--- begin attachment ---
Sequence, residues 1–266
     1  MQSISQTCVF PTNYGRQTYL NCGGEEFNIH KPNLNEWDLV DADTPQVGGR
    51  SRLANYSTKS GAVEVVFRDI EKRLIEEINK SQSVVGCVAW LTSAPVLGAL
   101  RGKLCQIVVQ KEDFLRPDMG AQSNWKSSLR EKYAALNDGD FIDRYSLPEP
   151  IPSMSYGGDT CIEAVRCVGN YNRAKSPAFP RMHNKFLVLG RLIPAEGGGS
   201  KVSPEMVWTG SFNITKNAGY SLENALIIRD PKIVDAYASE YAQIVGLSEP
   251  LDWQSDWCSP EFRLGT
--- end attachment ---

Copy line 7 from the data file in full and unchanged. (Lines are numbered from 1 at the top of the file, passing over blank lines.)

   251  LDWQSDWCSP EFRLGT